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Dementia Reversed with Stem Cells

By Clair Weaver, Sunday Mail, December 2, 2007

By restoring the decaying brain cells of a 65-year-old to the levels of an 18-year-old, Australian scientists believe they have cracked the code to preventing dementia.

Dementia is a group of degenerative brain disorders that includes Alzheimer's disease. More than 200,000 Australians suffer from these conditions, but new hope may be on the way in the form of breakthroughs which were presented to pharmaceutical chiefs at a closed event last week.

Facilitating the boost of mental functions such as understanding and memory, the scientists have developed two ways to stimulate stem cells and regenerate the brain.

Increasing the number of stem cells in young and middle-aged brains could help stave off dementia according to leading stem cell scientist Dr. Rod Rietze and his team at the University of Queensland.

"The idea is not to transplant anything but to stimulate what we have got," Dr. Rietze said.

"The job of the stem cell is to do two things: keep the body functioning and regenerate the tissue."

"It makes sense that if you increase the regenerative cells, the brain lasts longer."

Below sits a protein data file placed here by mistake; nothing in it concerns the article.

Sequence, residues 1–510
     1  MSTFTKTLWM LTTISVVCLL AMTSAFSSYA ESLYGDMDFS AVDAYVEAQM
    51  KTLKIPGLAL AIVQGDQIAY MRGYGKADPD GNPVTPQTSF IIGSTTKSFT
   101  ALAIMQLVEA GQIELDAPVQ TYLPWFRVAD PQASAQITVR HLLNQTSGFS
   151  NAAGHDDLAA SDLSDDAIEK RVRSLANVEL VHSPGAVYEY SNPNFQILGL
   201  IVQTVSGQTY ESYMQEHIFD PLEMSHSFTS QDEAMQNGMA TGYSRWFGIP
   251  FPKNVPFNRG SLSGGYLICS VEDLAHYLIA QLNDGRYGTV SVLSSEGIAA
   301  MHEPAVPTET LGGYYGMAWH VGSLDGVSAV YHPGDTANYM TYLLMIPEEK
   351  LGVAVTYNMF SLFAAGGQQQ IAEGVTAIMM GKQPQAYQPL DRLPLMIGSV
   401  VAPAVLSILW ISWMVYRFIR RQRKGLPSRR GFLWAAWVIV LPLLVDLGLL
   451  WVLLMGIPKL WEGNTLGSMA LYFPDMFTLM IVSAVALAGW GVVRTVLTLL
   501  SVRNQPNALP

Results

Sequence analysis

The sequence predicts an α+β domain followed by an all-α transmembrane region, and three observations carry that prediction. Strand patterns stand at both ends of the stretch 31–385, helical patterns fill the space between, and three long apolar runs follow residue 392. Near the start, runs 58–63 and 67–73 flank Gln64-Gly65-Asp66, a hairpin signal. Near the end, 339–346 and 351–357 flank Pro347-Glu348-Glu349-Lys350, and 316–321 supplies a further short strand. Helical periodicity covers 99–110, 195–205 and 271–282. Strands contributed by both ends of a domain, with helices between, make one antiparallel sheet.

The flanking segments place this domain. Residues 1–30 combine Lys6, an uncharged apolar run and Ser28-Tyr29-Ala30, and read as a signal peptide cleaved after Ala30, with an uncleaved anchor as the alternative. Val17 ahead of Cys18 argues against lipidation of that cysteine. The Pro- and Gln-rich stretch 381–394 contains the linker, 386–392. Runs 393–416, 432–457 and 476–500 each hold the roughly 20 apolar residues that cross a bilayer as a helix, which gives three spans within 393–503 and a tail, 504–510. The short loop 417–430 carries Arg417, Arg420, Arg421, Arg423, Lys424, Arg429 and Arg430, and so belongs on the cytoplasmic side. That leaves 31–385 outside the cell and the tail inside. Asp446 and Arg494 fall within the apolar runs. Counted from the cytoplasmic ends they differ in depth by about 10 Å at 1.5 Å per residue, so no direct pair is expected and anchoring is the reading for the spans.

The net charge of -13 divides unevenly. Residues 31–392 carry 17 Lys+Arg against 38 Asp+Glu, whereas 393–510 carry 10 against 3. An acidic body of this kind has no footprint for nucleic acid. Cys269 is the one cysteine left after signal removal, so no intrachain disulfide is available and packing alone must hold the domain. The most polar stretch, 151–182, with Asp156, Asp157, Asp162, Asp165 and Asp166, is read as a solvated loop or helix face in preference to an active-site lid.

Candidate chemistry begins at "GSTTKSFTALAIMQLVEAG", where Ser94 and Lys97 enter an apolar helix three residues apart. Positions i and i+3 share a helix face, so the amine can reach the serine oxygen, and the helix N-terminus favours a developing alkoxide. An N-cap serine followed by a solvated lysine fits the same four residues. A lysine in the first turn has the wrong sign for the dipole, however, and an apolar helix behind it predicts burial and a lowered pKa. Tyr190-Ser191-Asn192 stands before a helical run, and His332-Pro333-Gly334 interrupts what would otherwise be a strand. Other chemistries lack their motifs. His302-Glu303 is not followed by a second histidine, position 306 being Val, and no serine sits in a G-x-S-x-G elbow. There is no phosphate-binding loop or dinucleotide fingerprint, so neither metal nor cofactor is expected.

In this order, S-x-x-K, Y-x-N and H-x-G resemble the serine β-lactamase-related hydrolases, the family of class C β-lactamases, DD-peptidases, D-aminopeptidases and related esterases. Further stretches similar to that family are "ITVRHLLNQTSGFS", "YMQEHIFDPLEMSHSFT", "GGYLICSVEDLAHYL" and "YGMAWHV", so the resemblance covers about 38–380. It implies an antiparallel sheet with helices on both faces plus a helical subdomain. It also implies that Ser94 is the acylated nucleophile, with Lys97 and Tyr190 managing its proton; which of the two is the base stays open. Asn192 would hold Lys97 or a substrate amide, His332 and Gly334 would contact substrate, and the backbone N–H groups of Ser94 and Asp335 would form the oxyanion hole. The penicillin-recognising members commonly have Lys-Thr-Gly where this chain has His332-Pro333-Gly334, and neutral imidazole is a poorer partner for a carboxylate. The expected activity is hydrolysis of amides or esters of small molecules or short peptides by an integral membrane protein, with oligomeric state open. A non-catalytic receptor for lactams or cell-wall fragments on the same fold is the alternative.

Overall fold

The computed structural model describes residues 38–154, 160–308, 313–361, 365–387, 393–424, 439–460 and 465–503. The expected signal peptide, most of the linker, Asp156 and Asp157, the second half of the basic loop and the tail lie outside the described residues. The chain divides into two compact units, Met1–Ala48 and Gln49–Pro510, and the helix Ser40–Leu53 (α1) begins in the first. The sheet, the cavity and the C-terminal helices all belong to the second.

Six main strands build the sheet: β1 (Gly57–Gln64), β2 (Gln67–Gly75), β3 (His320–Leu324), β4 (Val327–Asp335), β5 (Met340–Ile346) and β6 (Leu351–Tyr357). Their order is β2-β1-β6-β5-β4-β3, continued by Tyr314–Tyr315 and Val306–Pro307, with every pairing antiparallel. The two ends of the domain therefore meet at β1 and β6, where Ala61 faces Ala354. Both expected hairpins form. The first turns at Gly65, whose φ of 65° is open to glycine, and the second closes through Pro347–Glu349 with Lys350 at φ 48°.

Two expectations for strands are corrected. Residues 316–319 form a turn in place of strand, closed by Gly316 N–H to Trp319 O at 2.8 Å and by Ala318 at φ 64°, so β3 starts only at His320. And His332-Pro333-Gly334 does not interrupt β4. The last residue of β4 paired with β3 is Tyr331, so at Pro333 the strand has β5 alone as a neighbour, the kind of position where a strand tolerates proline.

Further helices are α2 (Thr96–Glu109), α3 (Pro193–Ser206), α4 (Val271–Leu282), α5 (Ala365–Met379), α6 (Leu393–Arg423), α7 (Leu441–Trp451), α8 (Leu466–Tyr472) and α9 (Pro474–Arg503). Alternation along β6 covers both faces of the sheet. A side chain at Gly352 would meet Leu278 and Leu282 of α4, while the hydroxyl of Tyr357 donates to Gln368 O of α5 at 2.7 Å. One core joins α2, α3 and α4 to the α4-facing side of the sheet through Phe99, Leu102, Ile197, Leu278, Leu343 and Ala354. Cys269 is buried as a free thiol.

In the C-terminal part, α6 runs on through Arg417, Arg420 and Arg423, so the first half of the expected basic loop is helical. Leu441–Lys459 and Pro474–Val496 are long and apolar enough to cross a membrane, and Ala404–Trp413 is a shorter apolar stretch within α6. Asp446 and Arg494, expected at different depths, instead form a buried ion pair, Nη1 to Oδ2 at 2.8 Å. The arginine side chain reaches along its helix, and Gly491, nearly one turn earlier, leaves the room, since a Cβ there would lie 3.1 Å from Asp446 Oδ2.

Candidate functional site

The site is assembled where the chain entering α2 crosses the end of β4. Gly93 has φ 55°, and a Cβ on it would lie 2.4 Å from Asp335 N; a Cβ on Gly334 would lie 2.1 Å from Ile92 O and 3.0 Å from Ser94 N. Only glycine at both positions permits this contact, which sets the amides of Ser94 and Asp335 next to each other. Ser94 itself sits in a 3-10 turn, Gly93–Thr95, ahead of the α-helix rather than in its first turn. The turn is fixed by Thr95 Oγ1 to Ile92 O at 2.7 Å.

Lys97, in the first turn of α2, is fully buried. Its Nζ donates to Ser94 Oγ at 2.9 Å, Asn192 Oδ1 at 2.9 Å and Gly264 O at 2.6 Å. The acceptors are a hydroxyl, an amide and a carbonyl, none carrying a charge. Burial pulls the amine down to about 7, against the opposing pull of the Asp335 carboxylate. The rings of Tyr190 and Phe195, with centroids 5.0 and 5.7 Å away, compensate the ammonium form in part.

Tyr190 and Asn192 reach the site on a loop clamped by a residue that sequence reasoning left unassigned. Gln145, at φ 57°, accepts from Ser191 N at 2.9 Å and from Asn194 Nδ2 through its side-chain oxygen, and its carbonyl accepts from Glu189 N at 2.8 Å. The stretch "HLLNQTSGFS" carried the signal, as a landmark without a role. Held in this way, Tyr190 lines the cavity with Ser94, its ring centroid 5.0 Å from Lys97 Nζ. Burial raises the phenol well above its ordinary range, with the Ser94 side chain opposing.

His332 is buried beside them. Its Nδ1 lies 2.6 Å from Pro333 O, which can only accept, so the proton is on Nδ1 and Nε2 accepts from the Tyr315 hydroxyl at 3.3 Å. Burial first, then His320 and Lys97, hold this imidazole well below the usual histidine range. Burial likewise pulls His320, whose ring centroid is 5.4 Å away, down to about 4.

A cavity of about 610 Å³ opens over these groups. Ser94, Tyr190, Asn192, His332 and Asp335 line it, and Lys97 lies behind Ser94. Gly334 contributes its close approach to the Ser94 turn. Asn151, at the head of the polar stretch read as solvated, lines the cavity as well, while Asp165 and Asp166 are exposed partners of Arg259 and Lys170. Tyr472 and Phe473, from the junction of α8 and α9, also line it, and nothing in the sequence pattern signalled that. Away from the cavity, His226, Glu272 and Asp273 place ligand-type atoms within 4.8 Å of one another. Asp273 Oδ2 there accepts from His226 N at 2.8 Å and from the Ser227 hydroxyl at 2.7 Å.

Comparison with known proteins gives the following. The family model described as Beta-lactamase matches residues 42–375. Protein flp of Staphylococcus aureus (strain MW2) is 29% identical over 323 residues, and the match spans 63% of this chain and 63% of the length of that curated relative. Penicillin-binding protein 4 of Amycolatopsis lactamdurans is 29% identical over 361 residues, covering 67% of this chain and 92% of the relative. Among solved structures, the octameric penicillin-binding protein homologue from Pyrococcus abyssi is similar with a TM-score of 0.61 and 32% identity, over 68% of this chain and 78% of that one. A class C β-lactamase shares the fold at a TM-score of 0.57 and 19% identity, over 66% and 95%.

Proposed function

Dementia is a major health burden, costing more than $1.4 billion per year a figure that is expected to blow out due to a rapidly ageing population and longer life expectancies.

Brain function deteriorates with the rapid decrease of the number of stem cells in the brain as people age.

Injecting growth hormones directly into the brains of mice is Dr. Rietze's first approach to turning back the aging clock.

In order to trigger stem cells to multiply naturally and improve brain function, the second approach involves using physical exercise on a treadmill.

"When people do regular exercise, they age better," Dr. Rietze said. "There is a correlative relationship."

With the potential to restore stem cell levels of a 65-year-old back to that of an 18-year-old, Dr. Rietze and his team believe sustained physical activity may prevent or delay the onset of age-related dementia as much as injecting growth hormones.

The work has been submitted to international medical journals by the scientist who funded his team's radical research with a $1 million Pfizer Fellowship he won in 2004.

"I think really the next step is to design treatment strategies, and the prevention of diseases," he said.


 

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